It's no secret that Hollywood loves its pretty young thangs. Meaning that once a woman hits an age where starts looking like she's actually lived a life, she's tossed into the "mom roles" bucket and is legally required to soak for no less than four hours a day in a vat of paraffin wax and retinol.
The "mom roles" often see women playing mother to an actor who may only be ten to fifteen years younger than her and we as an audience are supposed to suspend our disbelief and turn our eyes away from the obvious ageism. Unfortunately, we see this played out yet again in the new Melissa McCarthy film, Tammy.
67 year-old Susan Sarandon plays 43 year-old McCarthy's grandmother. That's a 24 year age difference which, I suppose, is better than the 11 year age difference between McCarthy and Allison Janney who plays her mother.
Vulture's Kyle Buchanan uses this highly unbelievable casting decision as an opportunity to look at some of the more dubious instances when female actresses played parts far beyond their years. In a stroke of brilliance, he juxtaposes each example with a male equivalent, perfectly highlighting the absurdity of it all.
mother: Amy Poehler (b. September 16, 1971)
daughter: Rachel McAdams (b. November 17, 1978)
In Mean Girls, Amy Poehler's "cool mom" wants nothing more than to be regarded as a peer to her daughter, and rightly so: Only seven scant years separate Poehler and Rachel McAdams in age. Though Poehler was playing the mother to a teenage girl in the film, Mean Girls was made five years before Poehler would even give birth to her first child.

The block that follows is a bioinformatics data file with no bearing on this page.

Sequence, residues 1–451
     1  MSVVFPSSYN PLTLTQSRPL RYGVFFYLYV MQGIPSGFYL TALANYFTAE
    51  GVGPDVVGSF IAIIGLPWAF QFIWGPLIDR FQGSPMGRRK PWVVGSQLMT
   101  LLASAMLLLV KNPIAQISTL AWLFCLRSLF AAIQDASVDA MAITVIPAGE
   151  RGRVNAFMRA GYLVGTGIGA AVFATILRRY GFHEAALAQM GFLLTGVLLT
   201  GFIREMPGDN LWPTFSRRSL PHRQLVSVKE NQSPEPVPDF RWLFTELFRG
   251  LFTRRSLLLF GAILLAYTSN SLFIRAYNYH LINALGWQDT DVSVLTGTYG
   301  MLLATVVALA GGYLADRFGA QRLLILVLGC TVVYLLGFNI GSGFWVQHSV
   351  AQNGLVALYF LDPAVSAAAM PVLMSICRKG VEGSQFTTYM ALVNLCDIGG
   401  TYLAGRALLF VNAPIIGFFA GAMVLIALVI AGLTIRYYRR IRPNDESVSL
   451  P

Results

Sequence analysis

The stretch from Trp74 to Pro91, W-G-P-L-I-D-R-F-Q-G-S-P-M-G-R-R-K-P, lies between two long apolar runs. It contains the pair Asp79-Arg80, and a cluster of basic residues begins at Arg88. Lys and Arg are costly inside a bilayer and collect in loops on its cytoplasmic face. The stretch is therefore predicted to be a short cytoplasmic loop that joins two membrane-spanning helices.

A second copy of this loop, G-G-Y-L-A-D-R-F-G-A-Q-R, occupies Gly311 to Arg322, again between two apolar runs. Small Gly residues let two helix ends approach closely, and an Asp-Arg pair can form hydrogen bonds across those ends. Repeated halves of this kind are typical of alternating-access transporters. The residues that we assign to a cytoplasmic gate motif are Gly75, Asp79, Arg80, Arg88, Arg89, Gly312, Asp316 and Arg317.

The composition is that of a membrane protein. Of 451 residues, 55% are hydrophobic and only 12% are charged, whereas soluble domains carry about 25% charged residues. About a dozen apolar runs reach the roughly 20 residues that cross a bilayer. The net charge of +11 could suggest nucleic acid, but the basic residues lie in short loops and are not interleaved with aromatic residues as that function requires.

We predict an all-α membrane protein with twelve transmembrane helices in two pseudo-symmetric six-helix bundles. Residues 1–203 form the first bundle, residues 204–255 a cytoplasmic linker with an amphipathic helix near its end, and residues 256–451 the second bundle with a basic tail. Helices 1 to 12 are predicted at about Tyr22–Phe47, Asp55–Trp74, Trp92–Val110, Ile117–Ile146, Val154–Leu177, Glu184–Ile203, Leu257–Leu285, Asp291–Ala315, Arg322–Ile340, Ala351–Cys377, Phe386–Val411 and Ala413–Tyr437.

Male Equivalent: If the 1968-born Owen Wilson, who has played love interest to McAdams twice, had been cast as her dad instead.
mother: Winona Ryder (b. October 29, 1971)
son: Zachary Quinto (b. June 2, 1977)
Winona Ryder may appear ageless, but it still stretches credulity when she's onscreen next to Zachary Quinto as Spock and we're meant to regard them as mother and son despite the fact that she's just five years older than him. We could accept a lot of contrivances in J.J. Abrams's fun Star Trek reboot, but that one pushed us a little too far.
Male Equivalent: Jared Leto (also born in 1971, the same year as Ryder) could have been cast as Spock's dad, but would audiences ever buy someone like Leto as a paternal figure to Zach Quinto?
This is something you might not notice while you're watching a film, but seeing the (lack of) age differences laid out like that makes them seem particularly ridiculous.
I sort of understand the Mean Girls choice ONLY because of the Tine Fey/Amy Poehler blood sisterhood bond, but it's still disappointing to see these casting decisions made in projects where women are in charge. Tammy was produced and co-written by McCarthy along with her husband Ben Falcone who also directed the film.
While everyone loves to applaud women in Hollywood who choose to "age gracefully," it's hard to fault actresses who go the other route because, in many ways, their careers are on the line. If by age 40 you're already relegated to playing the mother of a 30 year old, those who adhere to strict anti-aging routines and are even willing to sue to preserve the air of youth are doing it less for the sake of vanity, and more to just stay afloat in this industry.
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